Provisioning, Rostering, and Single Sign-On
We began to tackle this problem in 2017 with the implementation of a platform called UMRA, which allowed us to automate basic account creation tasks. With UMRA in place, we were also able to automate exports from our student information system and imports into certain curricular platforms, knowing that the import would succeed since the account used for authenticating the user had already been created within Active Directory or Google.
We stepped up our game further in the fall of 2019 with the implementation of ClassLink, OneSync, and Clever, which together fully automate creation of student and staff accounts based upon data in our student information and human resources platforms. Further, these platforms allow ICCSD to automate assignment of instructional resources and materials based upon specific students’ and staff members’ course enrollments, grade level, school enrollments, and other criteria.
While there is certainly a support burden associated with implementation of these services – troubleshooting instances where a student isn’t assigned a digital resource that they should be, for example – the transition to an automated approach saves hundreds of hours of staff time during the course of the year. Perhaps more importantly, manual account provisioning and rostering, almost by nature, is heavily skewed towards the beginning of the school year, with smaller spikes at the beginning of the second and third trimesters. As these are the times that are busiest for our department across the board, reduction in support burden during these time periods is particularly valuable.
Staff Device Options
When I started out in the district in 2016, we had a suboptimal situation where we had very little standardization across our staff computer deployment (we supported over a dozen models of staff device), but staff members had almost no say in the device that they were assigned. This is a very common situation across K-12 IT, where it’s often difficult to standardize deployments to a single model, and in order to reduce complexity there is no option for multiple platforms or form factors (beyond laptop/desktop). The end result is that IT and instructional technology end up supporting a wide variety of models with different parts, features, functionality, and recurring issues.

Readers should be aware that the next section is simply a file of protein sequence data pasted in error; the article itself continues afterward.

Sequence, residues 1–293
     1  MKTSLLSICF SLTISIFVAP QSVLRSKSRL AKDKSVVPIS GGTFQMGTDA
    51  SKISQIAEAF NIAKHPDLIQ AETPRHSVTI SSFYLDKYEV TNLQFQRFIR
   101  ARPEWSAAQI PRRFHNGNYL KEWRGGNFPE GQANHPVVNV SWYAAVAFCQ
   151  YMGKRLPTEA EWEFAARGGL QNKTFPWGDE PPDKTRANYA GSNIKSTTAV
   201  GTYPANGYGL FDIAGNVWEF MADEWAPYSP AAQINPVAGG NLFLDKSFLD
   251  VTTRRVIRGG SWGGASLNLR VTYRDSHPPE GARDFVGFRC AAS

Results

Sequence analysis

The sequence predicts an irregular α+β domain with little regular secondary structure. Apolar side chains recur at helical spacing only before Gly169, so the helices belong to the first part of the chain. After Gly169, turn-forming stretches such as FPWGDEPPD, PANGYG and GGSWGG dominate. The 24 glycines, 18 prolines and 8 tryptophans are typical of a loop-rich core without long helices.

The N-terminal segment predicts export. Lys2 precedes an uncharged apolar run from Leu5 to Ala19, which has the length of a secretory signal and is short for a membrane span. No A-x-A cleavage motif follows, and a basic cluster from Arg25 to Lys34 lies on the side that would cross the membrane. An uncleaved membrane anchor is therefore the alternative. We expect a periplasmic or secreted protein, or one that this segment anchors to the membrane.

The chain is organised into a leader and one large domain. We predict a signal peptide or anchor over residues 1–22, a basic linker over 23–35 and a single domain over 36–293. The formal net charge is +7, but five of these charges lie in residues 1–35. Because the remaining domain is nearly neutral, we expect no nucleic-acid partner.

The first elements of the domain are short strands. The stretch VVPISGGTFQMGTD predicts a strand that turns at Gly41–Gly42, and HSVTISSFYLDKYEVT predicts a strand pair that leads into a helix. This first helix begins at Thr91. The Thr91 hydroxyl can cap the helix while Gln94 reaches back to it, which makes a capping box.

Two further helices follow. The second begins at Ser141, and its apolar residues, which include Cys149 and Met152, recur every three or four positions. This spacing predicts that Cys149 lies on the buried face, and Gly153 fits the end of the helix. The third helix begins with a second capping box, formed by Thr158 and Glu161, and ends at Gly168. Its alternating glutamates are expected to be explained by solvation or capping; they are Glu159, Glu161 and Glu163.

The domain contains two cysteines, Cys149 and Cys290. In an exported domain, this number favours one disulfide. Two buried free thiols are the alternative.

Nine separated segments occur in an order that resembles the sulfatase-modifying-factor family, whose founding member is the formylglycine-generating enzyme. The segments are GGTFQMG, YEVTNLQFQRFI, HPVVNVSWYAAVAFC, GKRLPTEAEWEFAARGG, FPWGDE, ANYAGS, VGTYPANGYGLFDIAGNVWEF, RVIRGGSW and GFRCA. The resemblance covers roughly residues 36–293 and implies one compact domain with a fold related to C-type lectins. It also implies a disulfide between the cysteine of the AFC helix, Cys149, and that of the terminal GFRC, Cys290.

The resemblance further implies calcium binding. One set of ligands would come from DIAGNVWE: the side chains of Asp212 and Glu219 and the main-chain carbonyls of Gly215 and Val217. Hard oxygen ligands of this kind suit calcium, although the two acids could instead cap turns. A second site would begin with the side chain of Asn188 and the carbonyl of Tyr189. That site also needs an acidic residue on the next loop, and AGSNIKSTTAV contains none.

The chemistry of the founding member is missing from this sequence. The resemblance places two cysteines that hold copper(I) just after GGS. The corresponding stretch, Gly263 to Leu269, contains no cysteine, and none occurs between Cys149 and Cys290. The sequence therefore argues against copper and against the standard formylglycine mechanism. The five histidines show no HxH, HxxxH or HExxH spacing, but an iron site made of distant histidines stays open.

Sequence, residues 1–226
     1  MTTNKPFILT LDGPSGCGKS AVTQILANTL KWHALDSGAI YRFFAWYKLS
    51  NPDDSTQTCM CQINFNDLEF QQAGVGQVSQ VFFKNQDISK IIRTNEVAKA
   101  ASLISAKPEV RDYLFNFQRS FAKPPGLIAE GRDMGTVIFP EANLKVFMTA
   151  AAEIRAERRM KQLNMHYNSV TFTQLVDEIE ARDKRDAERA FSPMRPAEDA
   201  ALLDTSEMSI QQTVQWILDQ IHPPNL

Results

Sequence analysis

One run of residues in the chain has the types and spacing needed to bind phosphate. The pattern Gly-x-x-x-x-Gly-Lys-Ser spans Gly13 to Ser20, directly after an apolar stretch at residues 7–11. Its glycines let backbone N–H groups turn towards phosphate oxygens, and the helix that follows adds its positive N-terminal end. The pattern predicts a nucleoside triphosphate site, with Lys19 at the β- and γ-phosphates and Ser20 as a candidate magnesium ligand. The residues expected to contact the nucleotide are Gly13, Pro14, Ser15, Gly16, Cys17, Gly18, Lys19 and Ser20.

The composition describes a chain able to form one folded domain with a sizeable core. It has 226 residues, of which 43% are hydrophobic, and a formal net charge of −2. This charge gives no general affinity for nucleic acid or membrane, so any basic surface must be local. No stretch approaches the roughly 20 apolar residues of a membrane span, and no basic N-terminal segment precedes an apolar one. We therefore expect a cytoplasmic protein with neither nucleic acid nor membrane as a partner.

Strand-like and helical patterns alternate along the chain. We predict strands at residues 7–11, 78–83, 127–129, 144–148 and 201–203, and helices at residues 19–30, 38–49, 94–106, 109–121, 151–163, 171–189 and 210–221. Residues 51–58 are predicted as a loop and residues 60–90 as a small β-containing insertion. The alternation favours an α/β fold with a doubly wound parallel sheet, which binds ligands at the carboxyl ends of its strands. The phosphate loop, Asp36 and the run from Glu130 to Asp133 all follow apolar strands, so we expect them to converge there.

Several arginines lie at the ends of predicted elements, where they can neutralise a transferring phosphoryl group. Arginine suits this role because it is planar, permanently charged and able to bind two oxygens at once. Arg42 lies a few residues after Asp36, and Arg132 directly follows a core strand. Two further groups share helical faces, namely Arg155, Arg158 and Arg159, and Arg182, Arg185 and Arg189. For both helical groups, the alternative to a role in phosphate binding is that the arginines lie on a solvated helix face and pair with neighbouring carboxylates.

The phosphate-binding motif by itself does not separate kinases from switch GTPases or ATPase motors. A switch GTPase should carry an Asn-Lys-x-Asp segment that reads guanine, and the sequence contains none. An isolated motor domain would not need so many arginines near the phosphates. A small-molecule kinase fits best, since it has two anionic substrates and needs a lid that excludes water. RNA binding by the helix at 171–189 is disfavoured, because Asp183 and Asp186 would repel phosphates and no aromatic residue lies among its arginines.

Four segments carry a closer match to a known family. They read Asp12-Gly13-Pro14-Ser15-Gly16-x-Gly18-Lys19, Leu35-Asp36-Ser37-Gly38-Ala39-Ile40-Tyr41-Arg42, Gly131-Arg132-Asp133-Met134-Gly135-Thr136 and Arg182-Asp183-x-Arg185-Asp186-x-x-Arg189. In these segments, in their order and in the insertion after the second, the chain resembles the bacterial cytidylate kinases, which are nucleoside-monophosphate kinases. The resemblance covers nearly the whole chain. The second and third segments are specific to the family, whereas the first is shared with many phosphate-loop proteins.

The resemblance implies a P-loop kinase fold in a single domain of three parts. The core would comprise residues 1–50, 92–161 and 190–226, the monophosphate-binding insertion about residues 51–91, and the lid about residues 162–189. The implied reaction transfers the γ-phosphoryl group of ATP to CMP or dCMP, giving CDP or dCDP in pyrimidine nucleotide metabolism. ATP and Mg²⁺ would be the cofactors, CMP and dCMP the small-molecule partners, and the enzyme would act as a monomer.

Right away, I began to develop a plan for how we could address this challenge, and our first iteration was implemented in spring of 2017 as a single-generation staff device upgrade. All staff members received new computers at that point – we borrowed against future SAVE revenues to fund the purchase – and for the first time, staff were given some choice in terms of selecting between a traditional laptop form factor, a convertible laptop/tablet form factor, and a desktop (all Windows). Roughly 60% of staff selected the convertible form factor, with 40% choosing a traditional form factor, reflecting the different preferences and priorities of our staff, and ultimately providing technologies that better facilitate staff effectiveness.
We expanded the staff choice program dramatically in 2021, offering staff members a platform choice between Windows, Mac, and Chrome OS while upgrading all staff devices. The model was grounded in our successful form factor choice option offered in 2017, and tested with a multi-platform pilot in 2020. The impetus for this platform choice was substantial research and precedent showing multiple benefits from offering employees a choice of computing platforms. Further, this program was made possible by our move to a single generation deployment for staff computers, which means that even with the choice being afforded to staff, we are in a position to support no more than four models of staff device at a time.
In our case, we focused on the employee satisfaction benefit, knowing that there would also be secondary benefits in terms of recruitment, retention, and productivity. What we didn’t entirely anticipate was the reduction of per-user support demand realized with the implementation of platform choice. While it may seem counterintuitive to expect a reduction of user support requests by moving to multiple platforms, the logic goes something like this.
- Employees using their preferred platform are likely to be more comfortable with it, leading to fewer problems to begin with. A longtime Mac user, for example, may have no idea how to reset a wifi adapter on a Windows device, but almost certainly knows how to do it on a Mac.
- Employees using their preferred platform are more likely to attempt to work through challenges on their own. If I prefer to use Macs and my district assigns me a Windows device, I’m more likely to say something along the lines of, “well, Windows is just terrible” when encountering a problem, rather than trying some basic troubleshooting on my own. If my district has assigned me a Mac, I’m much more likely to have a) the knowledge and b) the desire to attempt to resolve the program on my own, before contacting IT.
Beyond these factors, we’ve also seen a far lower rate of hardware issues with our staff-issued MacBooks, and virtually no device-related support requests from our Chrome OS users. By providing more options to our staff, we’ve simultaneously improved staff resources and satisfaction while reducing support burdens on our department, with essentially no additional cost to the district.